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As an engineering leader, it’s your responsibility to set your team up for success. Data can help you do that.
Engineering organizations are often measured by their outputs. Engineering speed, code quality, and work completed are all important goals, and in most organizations are a critical component of business success. However, as an engineering leader looking to drive progress toward those goals, you’ll need to focus on key inputs: the factors that contribute to developer success.
A data-driven approach to inputs can help leaders achieve a developer-focused work environment. The right data, used responsibly, makes it possible to determine when your team members might need support and when they might benefit from extra space. Data can also provide a starting point for conversations with your team, so you can collaborate to create an environment where they can excel.
Together, you can work toward optimizing processes, fostering autonomy, cultivating psychological safety, and encouraging professional development – all important examples of inputs that contribute to your team’s success. Now let’s dive into each of these in more detail.
1. Optimizing processes and clearing blockers
Teams can often sense when work isn’t moving optimally through the development pipeline, but it’s not always easy to determine why. Engineering data can help provide visibility into team processes, so everyone can work together to get things back on track.
With the right data, teams can:
- Test assumptions
Your team may have a shared understanding of how things should be working, but that doesn’t mean it reflects reality. Objective data can be key to assessing whether a particular process or best practice is actually producing the desired results.
- Spot trends
With data, it’s possible to look at your team’s performance over time and identify the impact of key changes, like a shift to remote work.
- Identify high-impact improvements
Metrics that correspond to the various stages of your software development lifecycle can help you spot opportunities for adjustments early on in your processes, many of which can have significant downstream impact.
Be sure to involve your team members in any attempts to optimize and improve processes. As the ones whose day-to-day work will be most impacted, they’ll likely have a valuable perspective on how to boost efficiency. A collaborative approach will also help ensure that they understand the reasoning behind any changes and are invested in the new processes’ success.
2. Fostering developer autonomy
When you’re constantly checking in on your team members, you may be doing more than just interrupting their flow – you may be threatening their sense of autonomy, and by extension, their motivation. Data from your DevOps and project management tools can give you the basic visibility you need, so you can dedicate valuable meeting time to more meaningful conversations and more impactful interactions with your team.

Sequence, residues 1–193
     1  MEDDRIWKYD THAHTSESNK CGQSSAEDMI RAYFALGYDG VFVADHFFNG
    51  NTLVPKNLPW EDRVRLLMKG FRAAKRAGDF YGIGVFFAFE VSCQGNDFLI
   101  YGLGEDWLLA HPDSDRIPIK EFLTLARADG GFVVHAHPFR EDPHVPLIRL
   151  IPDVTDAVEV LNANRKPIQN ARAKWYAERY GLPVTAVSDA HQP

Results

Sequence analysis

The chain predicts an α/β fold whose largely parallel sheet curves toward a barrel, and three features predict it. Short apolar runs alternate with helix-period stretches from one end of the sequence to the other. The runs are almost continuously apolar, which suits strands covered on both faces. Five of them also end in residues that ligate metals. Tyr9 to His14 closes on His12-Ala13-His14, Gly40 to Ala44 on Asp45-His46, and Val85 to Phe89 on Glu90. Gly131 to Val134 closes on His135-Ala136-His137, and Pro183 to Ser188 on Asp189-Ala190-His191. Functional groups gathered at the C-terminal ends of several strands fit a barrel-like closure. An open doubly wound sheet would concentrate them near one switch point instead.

When using data to gain visibility, it’s critical to maintain a culture of transparency and safety. Your team should know what data you’re looking at, why it’s important, and how it will be used. In addition, you should be careful to ensure that data is always placed in context, and not used as the basis for punitive action.
3. Cultivating psychological safety
Used properly, data can even help leaders enhance psychological safety – a prerequisite for successful teams, and especially those that take the larger risks necessary for driving innovation. Objective data can be an important tool for combatting biases and checking assumptions. It can also help keep problem-solving conversations and other forms of constructive feedback focused on the work, rather than the individual behind it.
4. Coaching developers to excel
With psychological safety in place, it’s possible to have open discussions with developers about their ambitions. Data can help you track patterns and spot possible opportunities for improvement, while keeping conversations grounded in specific units of work. Data can also make it easier to set and track progress towards specific, actionable goals that drive professional growth.
As an engineering leader, it’s your responsibility to set your team up for success. You won’t be able to write or even review every line of code, but you can create an environment that allows your team members to perform their best work. Objective engineering data – and a focus on inputs – can help you do that.